The Fire Rover solution does all of this. It rapidly identifies fire in its incipient phase, alerts all forms of emergency response and initiates containment with coolant/pre-wetting options before the growth stage is realized. This leads to multiple benefits including improved employee and fire-fighting personnel safety, and because fire is detected in its earliest stage and is pre-wetted and cooled, it allows time to set up hoses, nozzles and connections to a water supply. Plus, heat buildup beneath structural elements is reduced along with smoke development. Additionally, the technology allows a fire service to locate the seat of the fire swiftly and surely.
By using this kind of advanced fire detection and suppression system, fire footprint is exponentially reduced, preventing unplanned downtime, costly damage and safety hazards.
The Fire Rover solution is a final layer of protection meant to compliment and function as part of the diligence and hard work that safety and operations teams have developed, maintained and worked to continuously improve upon.
With Fire Rover technology, we have shifted the focus from containment of a major fire incident once underway, to early detection and cooling of a fire incident. This solution seamlessly integrates military-grade thermal detection (not IR, flame or smoke detection) with remote human verification and on-site remote targeted application of its cooling/wetting agent.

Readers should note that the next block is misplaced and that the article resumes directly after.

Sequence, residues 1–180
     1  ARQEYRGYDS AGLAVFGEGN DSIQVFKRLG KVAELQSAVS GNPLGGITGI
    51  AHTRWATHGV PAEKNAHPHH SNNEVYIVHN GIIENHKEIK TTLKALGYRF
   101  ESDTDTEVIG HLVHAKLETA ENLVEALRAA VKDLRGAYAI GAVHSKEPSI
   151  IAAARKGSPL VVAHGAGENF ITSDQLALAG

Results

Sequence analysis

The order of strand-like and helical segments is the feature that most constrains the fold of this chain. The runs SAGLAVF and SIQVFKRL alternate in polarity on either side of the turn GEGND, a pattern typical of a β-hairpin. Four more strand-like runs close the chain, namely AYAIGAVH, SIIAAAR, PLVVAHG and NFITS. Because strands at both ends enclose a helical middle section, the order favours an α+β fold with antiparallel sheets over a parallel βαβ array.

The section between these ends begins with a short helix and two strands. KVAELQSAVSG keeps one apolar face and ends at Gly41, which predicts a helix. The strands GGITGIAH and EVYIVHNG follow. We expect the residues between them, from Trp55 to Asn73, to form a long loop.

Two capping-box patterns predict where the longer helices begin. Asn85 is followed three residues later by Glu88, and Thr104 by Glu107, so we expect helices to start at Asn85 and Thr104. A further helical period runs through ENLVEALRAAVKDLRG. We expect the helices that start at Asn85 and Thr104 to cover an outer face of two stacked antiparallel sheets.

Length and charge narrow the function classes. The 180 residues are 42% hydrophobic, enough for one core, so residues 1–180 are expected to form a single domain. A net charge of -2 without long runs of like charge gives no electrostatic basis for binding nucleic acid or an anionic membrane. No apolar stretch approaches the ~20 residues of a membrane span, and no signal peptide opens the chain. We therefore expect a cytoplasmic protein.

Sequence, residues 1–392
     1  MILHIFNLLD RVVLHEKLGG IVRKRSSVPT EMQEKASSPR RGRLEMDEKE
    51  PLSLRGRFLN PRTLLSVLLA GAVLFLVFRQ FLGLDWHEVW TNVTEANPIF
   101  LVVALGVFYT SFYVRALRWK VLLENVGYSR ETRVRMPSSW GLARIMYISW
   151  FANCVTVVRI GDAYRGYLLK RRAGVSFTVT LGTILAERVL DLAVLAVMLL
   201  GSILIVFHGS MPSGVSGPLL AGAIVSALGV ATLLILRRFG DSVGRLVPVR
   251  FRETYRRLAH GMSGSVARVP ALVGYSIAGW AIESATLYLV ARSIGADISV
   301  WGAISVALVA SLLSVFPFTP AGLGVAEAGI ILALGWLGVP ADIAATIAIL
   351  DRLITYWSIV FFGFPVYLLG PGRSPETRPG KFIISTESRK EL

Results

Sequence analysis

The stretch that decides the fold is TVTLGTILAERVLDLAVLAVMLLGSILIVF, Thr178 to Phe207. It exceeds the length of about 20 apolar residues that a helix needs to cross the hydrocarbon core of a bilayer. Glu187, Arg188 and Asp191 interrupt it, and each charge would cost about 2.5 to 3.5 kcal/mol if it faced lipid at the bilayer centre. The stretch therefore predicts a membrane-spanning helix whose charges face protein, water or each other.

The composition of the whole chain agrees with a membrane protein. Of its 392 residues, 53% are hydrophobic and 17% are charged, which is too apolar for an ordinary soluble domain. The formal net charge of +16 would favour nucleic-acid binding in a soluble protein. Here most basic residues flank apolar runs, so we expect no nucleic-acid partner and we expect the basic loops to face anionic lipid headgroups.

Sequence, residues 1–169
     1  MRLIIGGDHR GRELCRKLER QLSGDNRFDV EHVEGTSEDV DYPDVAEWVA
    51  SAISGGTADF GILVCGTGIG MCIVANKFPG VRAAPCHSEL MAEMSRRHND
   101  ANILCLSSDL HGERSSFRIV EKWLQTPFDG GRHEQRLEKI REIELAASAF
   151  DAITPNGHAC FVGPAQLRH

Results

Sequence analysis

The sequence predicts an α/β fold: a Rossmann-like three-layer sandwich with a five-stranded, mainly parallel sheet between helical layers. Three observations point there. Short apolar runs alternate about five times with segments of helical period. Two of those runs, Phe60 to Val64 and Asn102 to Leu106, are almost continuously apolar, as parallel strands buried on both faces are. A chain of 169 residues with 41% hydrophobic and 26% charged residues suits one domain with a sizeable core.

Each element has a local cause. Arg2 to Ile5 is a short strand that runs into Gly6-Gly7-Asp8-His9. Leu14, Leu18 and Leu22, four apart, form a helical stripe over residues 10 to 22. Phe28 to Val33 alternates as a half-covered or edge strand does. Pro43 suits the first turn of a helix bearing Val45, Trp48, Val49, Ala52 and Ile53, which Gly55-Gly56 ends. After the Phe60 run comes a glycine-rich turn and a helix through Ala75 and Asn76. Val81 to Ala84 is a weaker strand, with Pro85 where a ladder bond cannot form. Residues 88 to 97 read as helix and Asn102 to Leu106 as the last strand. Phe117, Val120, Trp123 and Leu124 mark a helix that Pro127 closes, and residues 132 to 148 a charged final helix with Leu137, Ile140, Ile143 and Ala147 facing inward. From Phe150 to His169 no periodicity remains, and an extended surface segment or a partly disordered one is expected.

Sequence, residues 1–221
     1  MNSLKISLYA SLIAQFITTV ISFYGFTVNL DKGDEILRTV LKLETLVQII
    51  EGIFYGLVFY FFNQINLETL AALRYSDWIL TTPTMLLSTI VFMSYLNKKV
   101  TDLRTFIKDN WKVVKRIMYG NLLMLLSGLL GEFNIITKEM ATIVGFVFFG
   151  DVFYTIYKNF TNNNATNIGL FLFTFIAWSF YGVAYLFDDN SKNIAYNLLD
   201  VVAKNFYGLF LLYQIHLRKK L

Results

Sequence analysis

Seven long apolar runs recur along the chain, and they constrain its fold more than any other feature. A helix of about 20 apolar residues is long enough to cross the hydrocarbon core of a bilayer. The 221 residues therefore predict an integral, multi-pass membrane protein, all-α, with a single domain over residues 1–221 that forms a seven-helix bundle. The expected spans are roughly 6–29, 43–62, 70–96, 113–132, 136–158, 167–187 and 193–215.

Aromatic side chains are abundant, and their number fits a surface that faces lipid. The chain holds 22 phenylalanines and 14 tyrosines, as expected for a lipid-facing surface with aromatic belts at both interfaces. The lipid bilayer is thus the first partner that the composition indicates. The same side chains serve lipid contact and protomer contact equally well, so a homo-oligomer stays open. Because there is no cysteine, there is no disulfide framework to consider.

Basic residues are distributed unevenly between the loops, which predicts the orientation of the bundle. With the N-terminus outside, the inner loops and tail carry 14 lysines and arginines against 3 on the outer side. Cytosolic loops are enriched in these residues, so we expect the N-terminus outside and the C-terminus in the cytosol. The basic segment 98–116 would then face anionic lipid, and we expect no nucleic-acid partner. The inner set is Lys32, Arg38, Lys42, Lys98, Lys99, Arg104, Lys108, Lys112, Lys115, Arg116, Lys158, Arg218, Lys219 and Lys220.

The Fire Rover solution is currently installed in 100 waste and recycling facilities across the U.S. This solution has extinguished over 78 fires in the past 12 months at the sites we protect. We are protecting assets including tipping floors, in-feeds, equipment, rubber feedstock, scrap metal, hazardous materials and more.
The Fire Rover system typically catches most fires during the incipient, pre-incipient and smoldering stages, and we have not had one fire incident within a protected area that has grown to the Major Fire Incipient stage. In fact, most of our "saves" have resulted in little to no cleanup required and clients were able to continue their operations after the event. Additionally, Fire Rover technology includes a built-in fire watch, so there is no need to worry about risk of immediate reoccurrence or resetting the unit.
With the risks of inherent fire in the waste and recycling industry steadily increasing, especially when the materials we are processing are so unpredictable, we need to develop and install effective, advanced solutions that can mitigate fires as early in the process as possible. Proper fire detection technology works to compound the level of safety within organizations and can give EH&S and operations staff the right tools to meet their goal of No Fire Incidents. It fills the void between standard operations manual processes and proactive fire protection - providing the right combination of human knowledge and technology, working together for the greater goal of fewer fire incidents in industrial environments such as waste and recycling facilities.
Ryan Fogelman is vice president of national accounts for Fire Rover, Southfield, Michigan. He has been compiling and publishing "The Reported Waste and Recycling Facility Fire in the US/CAN" report since February 2016.
This article was originally published in Recycling Product News July/August 2018, Volume 26, Number 5.